Significant Accounting and Regulatory Implications to Accounting for Loan Participation Sales, Including SBA Loans
FASB Accounting Standards Codification (ASC) Topic 860 (formerly FAS 140 and FAS 166) has modified the accounting for transfers and servicing of financial assets
While this amended guidance has a meaningful impact on companies that have “qualifying special-purpose entities,” it also created the concept of a “participating interest” which has a significant impact on how community banks account for loan participations and sales of the guaranteed portion of SBA loans. This amended guidance becomes effective for transfers of participating interests on or after Jan. 1, 2010 for calendar year companies.
Definition of a participating interest
Loan participation issue
It should be noted that loan participations transferred prior to the effective date of this guidance (Jan. 1, 2010) are not affected. However, 2010 advances under line of credit agreements (even if entered into prior to Jan. 1, 2010) will be impacted if they do not meet the definition of participating interest.
SBA loan sale accounting issue
A financial institution may originate a loan on which it obtains a SBA guarantee. The SBA will guarantee up to 90 percent of the loan. After origination, the institution may sell (transfer) the guaranteed portion of the SBA loan on the secondary market. At the date the guaranteed portion of the SBA loan is sold, the institution certifies that: (a) the institution has no knowledge of default by the borrower or likelihood of default; (b) the institution has paid the SBA the guaranty fee; (c) the loan is properly closed and fully disbursed; and (d) the institution acknowledges that it has no authority to unilaterally repurchase the guaranteed interest. The guaranteed portion of the loan is generally sold for a premium or at par.
Under the standard SBA loan sale agreement (SBA Form 1086), there is a 90-day warranty period during which the institution would be required to refund any premium received. For example, if the borrower prepays the loan for any reason within 90 days, the institution must refund any premium received. Also, if the borrower fails to make the first three monthly payments due after the sale (transfer) date and the borrower enters uncured default within 275 calendar days, the institution must refund any premium received.
Among the many changes made by this amendment & guidance, one change in particular impacts the ability of the institution to recognize the transfer of a receivable until after the 90-day warranty period has expired. That change specifically requires that the portion transferred qualify as a participating interest. The related guidance states, “In certain transfers, recourse is provided to the transferee that requires the transferor to reimburse any premium paid by the transferee if the underlying financial asset is prepaid within a defined time frame of the transfer date. Such recourse would preclude the transferred portion from meeting the definition of a participating interest. However, once the recourse provision expires, the transferred portion shall be reevaluated to determine if it meets the participating interest definition.”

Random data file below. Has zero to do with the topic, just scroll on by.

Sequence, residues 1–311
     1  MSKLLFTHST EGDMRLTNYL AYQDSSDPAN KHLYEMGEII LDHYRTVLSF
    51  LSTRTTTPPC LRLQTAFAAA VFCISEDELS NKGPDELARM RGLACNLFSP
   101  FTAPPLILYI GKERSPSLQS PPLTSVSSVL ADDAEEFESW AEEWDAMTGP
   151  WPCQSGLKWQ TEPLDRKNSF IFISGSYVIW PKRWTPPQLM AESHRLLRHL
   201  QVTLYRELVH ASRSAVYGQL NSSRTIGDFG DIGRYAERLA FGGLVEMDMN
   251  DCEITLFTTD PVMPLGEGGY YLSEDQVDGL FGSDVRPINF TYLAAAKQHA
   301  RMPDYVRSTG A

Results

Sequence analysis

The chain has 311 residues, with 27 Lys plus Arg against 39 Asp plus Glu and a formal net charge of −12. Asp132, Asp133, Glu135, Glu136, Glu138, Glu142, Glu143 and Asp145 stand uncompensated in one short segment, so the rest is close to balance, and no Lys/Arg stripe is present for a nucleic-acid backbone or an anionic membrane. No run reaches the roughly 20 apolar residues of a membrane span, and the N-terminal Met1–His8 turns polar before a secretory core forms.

As such, financial institutions will not be able to recognize gain on sales of the guaranteed portion of SBA loans when those loans are sold at a premium since the recourse precludes the transferred portion from meeting the definition of a participating interest. The transaction should be accounted for as a secured borrowing. After the expiration of the warranty period, the transfer should be re-evaluated to determine whether the conditions in ASC 860 have been met in order to achieve sale accounting treatment. The guaranteed portion of the loan (i.e. the portion sold) could be derecognized and the gain on sale could be recognized at that point.
In addition, there are transactions whereby the SBA loan is transferred at par and the seller agrees to pass interest to the purchaser at less than the contractual interest rate. The resulting spread is generally viewed as an interest-only strip. An interest-only strip results in a disproportionate sharing of cash flows on the entire SBA loan meaning the transaction must be accounted for as a secured borrowing.
The SBA recently solicited views from the public on the impact this amended accounting guidance is having on the SBA 7(a) program in an effort to consider potential revisions to the program that may minimize any adverse impact on the program. The deadline for providing comments to the SBA was April 19, 2010.
For more information regarding the above, including certain call reporting considerations, banks should review Financial Institution Letter (FIL-11-2010).
Tim Tiefenthaler is a managing director with RSM McGladrey. For more information, contact him at email@example.com.
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